Europe’s comet chaser has not yet left the planet, but the Rosetta spacecraft has already broken the sound barrier during preparations for its launch next

At the beginning of May, the spacecraft was subjected to a series of deafening acoustic tests that would impress even the most dedicated fan of heavy metal music. Placed in a giant chamber, a barrage of sound was directed at Rosetta from a huge amplifier in order to simulate the noise expected during lift-off.

Soaring to a maximum of 135 decibels – many times louder than Concorde at take-off – the sound levels were so severe that anyone straying within the chamber would have been killed within seconds.

Following these not-so-good vibrations, Rosetta returned to the clean room to complete a rock and roll turn on a giant shaker in order to simulate its ride into orbit aboard an Ariane 5 rocket.

Attached to a table capable of moving the 3 tonne spacecraft from side to side like a metallic rag doll being mauled by a mastiff, Rosetta was severely shaken, first vertically and then horizontally over a wide range of frequencies. Over two hundred accelerometers on the structure were used to monitor the spacecraft’s performance during each one-minute simulation.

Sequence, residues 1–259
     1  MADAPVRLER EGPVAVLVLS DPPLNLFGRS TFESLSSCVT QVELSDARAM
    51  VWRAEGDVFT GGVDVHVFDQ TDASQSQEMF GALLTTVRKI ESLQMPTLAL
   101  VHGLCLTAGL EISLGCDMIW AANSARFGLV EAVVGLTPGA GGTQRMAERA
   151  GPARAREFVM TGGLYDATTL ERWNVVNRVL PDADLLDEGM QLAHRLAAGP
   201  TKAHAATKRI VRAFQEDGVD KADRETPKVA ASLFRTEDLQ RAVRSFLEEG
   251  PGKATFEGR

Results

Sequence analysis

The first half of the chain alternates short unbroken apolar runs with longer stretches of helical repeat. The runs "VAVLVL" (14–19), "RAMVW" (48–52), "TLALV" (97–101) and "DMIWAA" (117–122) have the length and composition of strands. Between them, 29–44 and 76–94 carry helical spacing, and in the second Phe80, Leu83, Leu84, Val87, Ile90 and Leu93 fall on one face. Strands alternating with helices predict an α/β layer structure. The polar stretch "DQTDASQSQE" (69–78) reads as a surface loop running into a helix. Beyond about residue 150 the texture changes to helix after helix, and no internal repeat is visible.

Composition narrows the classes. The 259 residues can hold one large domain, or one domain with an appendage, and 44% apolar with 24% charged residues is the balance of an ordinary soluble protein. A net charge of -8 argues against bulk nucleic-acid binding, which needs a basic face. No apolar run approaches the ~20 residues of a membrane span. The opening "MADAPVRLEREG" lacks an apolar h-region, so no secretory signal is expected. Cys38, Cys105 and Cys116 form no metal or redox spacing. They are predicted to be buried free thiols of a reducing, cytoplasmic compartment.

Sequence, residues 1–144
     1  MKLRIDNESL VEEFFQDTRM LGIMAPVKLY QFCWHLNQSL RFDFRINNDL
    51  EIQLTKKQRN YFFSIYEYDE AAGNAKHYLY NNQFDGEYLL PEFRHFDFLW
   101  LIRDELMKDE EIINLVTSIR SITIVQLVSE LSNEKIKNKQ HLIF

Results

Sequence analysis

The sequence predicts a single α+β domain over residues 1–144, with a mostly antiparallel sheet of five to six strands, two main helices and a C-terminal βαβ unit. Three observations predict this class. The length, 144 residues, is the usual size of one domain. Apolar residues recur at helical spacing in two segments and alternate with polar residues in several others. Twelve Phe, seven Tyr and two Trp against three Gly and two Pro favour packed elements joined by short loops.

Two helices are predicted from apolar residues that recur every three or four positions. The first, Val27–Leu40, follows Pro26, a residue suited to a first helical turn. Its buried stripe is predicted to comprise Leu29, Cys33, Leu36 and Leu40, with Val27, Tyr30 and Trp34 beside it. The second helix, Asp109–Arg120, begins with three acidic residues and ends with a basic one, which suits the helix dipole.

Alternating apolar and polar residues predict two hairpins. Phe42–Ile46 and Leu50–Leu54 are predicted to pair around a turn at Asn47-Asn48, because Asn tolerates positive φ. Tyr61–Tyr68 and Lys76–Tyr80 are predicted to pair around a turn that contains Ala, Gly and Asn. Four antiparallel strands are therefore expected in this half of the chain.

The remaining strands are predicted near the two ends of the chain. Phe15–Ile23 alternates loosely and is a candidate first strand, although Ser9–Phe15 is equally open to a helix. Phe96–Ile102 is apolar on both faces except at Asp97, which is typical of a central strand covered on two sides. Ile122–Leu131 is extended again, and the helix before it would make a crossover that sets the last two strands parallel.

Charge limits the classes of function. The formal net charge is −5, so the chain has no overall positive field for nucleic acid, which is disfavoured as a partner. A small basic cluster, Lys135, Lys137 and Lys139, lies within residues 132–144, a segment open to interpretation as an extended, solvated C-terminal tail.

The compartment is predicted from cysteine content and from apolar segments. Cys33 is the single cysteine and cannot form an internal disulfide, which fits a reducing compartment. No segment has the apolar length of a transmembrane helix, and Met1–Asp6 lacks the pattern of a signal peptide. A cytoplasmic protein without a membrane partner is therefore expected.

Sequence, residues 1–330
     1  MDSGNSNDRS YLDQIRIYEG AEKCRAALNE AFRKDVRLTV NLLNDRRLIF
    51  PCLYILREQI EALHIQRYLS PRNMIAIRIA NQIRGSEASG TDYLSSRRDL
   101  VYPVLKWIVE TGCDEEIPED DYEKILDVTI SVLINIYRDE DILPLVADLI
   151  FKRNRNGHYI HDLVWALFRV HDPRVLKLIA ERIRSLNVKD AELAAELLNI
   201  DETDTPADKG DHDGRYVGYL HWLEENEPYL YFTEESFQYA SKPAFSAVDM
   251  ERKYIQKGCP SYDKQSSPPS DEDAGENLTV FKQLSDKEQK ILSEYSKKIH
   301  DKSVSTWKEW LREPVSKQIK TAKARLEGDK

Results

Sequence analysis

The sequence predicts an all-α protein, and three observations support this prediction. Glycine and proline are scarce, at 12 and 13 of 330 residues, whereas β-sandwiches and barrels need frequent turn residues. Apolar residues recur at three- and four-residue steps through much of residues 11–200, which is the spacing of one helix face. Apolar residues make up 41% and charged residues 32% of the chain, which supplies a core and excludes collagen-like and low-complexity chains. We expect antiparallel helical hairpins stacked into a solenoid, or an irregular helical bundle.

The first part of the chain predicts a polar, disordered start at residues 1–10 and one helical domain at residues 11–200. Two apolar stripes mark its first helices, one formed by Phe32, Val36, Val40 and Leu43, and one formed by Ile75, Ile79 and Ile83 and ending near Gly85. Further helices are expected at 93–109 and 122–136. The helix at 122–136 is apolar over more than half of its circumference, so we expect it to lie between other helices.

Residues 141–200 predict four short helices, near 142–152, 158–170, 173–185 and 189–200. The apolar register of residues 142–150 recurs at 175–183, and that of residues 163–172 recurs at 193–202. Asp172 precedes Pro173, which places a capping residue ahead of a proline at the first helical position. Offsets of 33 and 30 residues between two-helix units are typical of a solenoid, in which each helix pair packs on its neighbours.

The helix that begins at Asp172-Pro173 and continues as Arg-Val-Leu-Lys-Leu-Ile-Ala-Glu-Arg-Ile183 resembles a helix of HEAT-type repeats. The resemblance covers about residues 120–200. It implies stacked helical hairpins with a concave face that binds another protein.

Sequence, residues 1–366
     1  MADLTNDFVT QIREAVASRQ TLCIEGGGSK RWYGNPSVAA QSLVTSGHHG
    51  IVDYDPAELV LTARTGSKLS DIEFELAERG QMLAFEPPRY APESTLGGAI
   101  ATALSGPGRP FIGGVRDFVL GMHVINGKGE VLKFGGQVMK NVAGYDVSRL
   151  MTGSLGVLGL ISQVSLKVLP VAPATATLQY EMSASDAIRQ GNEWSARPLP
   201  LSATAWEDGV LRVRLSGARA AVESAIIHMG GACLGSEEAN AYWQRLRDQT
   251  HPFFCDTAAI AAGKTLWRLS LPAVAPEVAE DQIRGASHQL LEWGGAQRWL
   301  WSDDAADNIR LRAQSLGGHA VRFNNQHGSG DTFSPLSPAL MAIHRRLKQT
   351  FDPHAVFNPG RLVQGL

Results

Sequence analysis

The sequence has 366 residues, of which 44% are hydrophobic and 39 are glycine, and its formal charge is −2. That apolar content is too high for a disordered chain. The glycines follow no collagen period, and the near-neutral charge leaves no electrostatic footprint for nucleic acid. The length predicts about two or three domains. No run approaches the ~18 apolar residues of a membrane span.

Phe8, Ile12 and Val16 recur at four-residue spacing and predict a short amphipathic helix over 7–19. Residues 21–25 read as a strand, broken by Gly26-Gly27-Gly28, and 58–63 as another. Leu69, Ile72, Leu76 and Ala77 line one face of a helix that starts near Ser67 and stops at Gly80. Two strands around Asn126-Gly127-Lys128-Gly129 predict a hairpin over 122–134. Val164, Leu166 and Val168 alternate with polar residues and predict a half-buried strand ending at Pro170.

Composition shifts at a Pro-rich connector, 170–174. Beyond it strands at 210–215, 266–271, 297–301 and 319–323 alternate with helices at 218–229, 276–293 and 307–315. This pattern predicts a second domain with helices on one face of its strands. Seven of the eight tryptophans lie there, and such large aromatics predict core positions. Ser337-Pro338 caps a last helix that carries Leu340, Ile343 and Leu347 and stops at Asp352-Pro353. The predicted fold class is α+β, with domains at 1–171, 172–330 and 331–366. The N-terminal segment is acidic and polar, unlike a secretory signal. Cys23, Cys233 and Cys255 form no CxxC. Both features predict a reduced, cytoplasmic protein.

“These environmental tests were essential to show that the spacecraft will survive the stresses of launch,” explained John Ellwood, Rosetta project manager.

“The spacecraft was powered in its launch mode with the Lander, the high gain antenna and the solar arrays all in their launch configuration,” he said. “Even the propellant tanks were filled with ‘dummy fuel’.”

“I’m pleased to say that the spacecraft performed very well and no significant problems were identified,” he added.

Once the engineers at the European Space Research and Technology Centre at Noordwijk in the Netherlands have verified that all of the spacecraft’s electronics were still working nominally, they will prepare for this week’s deployment test involving Rosetta’s huge and unique solar arrays and booms. This check-out will show whether each of the two 15-metre-long arrays and the delicate instrument booms have survived their potentially shattering ordeal intact.

Rosetta is expected to be shipped to the spaceport in Kourou, French Guiana, during September 2002. The launch is scheduled for the night of 12-13 January 2003.